Produced at the Council of Nicea in 325 AD. Affirmed that Jesus is, "true God from true God, begotten not made, of one substance (Greek, homoousios) with the Father." In 381, the Council of Constantinople added, "The Holy Spirit .. .proceeds from the Father. Together with the Father and the Son He is worshiped and glorified."
One of the earliest statements of Christian belief thought to have been the first drawn up by the Council of Nicea in 325 CE.
The formulation of beliefs by the bishops at the Council of Nicea which summarized the teachings of the New Testament about the nature of God, Jesus Christ, and the Holy Spirit.
(Christianity) a formal creed summarizing Christian beliefs; first adopted in 325 and later expanded
A doctrinal confession of the basic tenets of the Christian faith formulated by a council of bishops in response to doctrinal controversies in the 4th century.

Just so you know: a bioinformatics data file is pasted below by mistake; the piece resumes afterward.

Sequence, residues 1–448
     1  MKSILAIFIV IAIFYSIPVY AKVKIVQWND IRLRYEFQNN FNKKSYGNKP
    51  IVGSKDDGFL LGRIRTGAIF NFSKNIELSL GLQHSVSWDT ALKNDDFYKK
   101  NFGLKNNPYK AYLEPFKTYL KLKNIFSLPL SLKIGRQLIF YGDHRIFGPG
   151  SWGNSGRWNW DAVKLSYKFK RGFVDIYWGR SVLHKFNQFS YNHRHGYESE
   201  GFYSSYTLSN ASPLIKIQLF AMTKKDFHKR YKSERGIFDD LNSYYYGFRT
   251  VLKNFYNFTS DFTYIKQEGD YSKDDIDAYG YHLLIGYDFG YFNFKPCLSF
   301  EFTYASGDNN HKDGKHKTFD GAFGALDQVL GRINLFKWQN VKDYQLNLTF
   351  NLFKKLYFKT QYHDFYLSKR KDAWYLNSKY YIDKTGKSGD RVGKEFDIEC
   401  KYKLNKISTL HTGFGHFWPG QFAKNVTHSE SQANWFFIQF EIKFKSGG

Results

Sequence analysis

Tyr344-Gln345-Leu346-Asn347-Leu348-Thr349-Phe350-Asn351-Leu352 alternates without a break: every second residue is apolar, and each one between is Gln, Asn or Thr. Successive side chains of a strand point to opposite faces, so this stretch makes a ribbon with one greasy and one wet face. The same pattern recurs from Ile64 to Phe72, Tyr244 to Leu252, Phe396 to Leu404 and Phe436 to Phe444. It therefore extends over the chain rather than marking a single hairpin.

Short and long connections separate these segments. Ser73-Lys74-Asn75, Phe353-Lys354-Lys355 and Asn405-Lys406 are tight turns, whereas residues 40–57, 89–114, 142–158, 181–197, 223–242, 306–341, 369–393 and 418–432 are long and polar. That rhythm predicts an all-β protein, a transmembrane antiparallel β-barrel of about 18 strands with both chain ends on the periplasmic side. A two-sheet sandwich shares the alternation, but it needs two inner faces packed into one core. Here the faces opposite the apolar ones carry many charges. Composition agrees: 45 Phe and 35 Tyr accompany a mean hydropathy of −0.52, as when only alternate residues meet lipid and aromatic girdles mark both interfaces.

The product of the Council of Nicea in 325. The present version includes additions made at the Council of Constantinople in 381 and in the fifth century. The original creed condemned Arianism by stating that the Son was of the same nature (homoousios) as the Father. It also stated that the Son was eternal and implied the eternal existence of Father and Son as distinct persons in the Godhead. The Council of Constantinople added phrases establishing that the Holy Ghost also was an eternally distinct person in the Godhead. Thus, the Nicene Creed is important for three reasons: it rejected Arianism, it was the first official pronouncement to express a trinitarian view of God, and it was the first official pronouncement to reject (albeit by implication) modalism.
The statement of faith adopted by the Christians in the first two Ecumenical Councils held in 325 A.D. and 381 A.D. Nicene refers to the city of Nicaea where the first Council was held.